Venom: Carnage's fury proves that we are always our own worst enemy

Venom: Carnage's fury proves that we are always our own worst enemy


The second chapter of the adventures of the alien symbiote is violent, macabre and hilarious. But he is also very chaotic and perhaps too concise, while he has not yet understood what he really wants to be in the larger superhero universe

The first sensation, after the credits of Venom: The Fury of Carnage, from 14 October in Italian salt, is: but is it already finished? Accustomed as we are to cinecomics (and blockbusters in general) that must be sent at around three hours in length, this sequel to the 2018 film with Tom Hardy also amazes because it condenses many things into just 91 minutes, which is both an advantage and a defect. . On the one hand, in fact, we manage to have a condensation of what we had already appreciated in the first chapter (crazy action scenes, a complex dynamic between the protagonist and his symbiote, a macabre and grotesque humor), indeed all taken to the extreme consequences, but on the other hand it is even easier to realize how much these cinecomics can have very little substance if it is essentially reduced to a destructive chaos in CGI.

In this new story, written by screenwriter Kelly Marcel together with Hardy himself, journalist Eddie Brock and the alien parasite that inhabits him have a complicated relationship, similar to that of two roommates who can't stand each other (c ' it is also those who have seen queer subtexts, which frankly, however, are rather daring and leave the field more to a bizarre bromance). Tired of the man's lack of ambition, even towards his ex-girlfriend Anne (Michelle Williams) who is about to remarry, the creature provides the journalist with the scoop of life but also complicates the relationship that the reporter has with serial killer Cletus Kasady (Woody Harrelson). Kasady will even become infected with the parasite, transforming into the monstrous Carnage (redder, more violent and more psychopathic than the already extreme Venom), who will go in search of his beloved Shriek (Naomi Harris) and sow panic in San Francisco with his plans of revenge.

The most intriguing heart of the film lies precisely in this dualistic relationship between Eddie and Venom, destined to be with each other (one in the other) but also very different Between them. Their difficult coexistence is also a greater metaphor of the film's themes, where all the characters are somehow willy-nilly thrown into a desperate race towards self-destruction. Hardy is still admirable in the double interpretation of him: Venom's shrewd comments, spoken in a lower, hoarse voice, often surprise viewers, even if perhaps the Italian dubbing struggles to keep up with the original rhythm. But it's the villains who steal the show, once again, from an acting standpoint: Harrelson somehow reclaims his part in Born Killers to give her a more flamboyant look, while Harris is truly extraordinary in playing a woman who goes crazy. of anger when everyone tries to deprive her of their voice.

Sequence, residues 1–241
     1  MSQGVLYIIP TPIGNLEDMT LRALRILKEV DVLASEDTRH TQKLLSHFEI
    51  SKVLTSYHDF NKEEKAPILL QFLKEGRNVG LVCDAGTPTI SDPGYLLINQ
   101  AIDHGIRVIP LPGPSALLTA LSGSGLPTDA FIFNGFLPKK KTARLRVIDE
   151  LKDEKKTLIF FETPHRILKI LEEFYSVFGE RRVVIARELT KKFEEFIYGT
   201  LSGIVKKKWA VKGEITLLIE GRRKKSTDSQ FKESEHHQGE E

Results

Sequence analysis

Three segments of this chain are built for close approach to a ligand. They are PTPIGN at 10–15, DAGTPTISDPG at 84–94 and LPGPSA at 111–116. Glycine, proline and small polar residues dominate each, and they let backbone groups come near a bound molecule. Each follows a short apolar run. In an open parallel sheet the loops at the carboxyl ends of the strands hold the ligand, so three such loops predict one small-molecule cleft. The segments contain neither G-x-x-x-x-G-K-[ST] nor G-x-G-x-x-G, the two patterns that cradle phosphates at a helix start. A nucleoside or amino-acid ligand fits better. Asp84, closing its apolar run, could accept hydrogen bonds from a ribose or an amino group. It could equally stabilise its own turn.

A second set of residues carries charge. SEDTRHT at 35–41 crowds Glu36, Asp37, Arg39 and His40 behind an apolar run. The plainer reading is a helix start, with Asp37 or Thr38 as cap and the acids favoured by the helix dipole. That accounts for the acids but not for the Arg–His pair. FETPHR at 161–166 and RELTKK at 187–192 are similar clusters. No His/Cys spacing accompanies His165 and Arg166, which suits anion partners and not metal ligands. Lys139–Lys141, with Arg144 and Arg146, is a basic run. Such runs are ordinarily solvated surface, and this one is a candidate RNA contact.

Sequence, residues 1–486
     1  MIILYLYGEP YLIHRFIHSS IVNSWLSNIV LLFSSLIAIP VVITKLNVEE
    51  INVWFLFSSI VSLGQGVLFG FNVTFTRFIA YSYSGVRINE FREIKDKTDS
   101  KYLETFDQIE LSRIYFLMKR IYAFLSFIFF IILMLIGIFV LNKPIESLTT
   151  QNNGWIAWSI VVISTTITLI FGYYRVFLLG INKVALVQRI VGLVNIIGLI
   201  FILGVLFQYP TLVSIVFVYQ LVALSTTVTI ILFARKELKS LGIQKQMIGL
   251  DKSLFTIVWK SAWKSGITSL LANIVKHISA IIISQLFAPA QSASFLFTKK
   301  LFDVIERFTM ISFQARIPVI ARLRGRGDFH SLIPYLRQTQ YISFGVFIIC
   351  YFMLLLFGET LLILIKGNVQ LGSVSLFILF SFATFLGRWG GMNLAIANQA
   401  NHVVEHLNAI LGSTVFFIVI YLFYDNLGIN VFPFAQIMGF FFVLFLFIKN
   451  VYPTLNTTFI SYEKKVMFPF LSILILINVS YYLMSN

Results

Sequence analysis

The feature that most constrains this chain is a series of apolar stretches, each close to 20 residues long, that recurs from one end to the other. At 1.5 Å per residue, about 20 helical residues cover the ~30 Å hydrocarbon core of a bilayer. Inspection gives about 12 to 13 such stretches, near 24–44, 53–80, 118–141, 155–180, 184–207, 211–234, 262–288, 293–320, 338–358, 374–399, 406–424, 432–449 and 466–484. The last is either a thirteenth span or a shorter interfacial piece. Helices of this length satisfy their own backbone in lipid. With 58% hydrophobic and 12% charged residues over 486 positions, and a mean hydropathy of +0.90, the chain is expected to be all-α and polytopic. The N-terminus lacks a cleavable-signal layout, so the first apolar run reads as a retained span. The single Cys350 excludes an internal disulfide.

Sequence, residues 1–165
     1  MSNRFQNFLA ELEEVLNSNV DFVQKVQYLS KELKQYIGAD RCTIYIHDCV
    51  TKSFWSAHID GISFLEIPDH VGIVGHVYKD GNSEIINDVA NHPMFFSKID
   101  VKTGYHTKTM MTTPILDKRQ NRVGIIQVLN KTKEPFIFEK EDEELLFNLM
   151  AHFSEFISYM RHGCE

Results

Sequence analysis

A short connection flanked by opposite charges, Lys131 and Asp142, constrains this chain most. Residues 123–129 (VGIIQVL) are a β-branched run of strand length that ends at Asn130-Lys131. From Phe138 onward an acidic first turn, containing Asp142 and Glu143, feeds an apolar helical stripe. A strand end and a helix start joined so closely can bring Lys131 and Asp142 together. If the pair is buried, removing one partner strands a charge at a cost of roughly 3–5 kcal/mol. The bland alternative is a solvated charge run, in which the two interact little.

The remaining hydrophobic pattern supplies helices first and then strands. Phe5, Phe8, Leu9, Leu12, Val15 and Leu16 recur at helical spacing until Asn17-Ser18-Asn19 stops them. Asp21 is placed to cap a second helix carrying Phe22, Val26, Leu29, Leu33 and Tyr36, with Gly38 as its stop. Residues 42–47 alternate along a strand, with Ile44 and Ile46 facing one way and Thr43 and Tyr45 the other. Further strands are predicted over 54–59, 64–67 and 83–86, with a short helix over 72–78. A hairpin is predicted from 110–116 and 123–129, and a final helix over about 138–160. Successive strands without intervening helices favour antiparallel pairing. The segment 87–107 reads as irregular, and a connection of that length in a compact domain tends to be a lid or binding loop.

Beyond the characterization of the characters, however, it must be said that little remains to be said about the film: the plot points follow one another very quickly up to a long final battle that brings into play all the passion that director Andy Serkis (the Gollum of the Lord of the rings who later went on to direct films like Mowgli) has for hybridizing human action with computer graphics. Chaos, destruction and despair reign supreme for much of the film which then ends in a simple axiom: we would all like to be understood by others but it is precisely the choices we make that make us incomprehensible. The fact remains that Venom: Carnage's Fury is a perfect concentrate of what is expected of a cinecomics that, by its very nature, is more mature and macabre (and even more fun) than many counterparts in the Marvel Cinematic Universe. br>

And the difficult relationship with the greater Marvel universe is perhaps the umpteenth complication that gets in the way of this film. Produced by Sony but in association with Marvel (in these terminologies which are the result of fierce legal agreements), it is certainly a film project in its own right but goes out of its way to suggest that the superhero world out there is much broader: there is a location that screams X-Men from all sides, there is yet another clue of a character who will become a possible villain in the future and there is obviously that post-credits scene impossible to reveal without spoilers but which will have important consequences, yes assumes, about the films to come. As in the Eddie-Venom combination, Carnage's fury is a hilarious and hungry bomb ready to explode at any moment, even if it may not have understood exactly what it wants to be and above all what are the full potentials it can push itself to.

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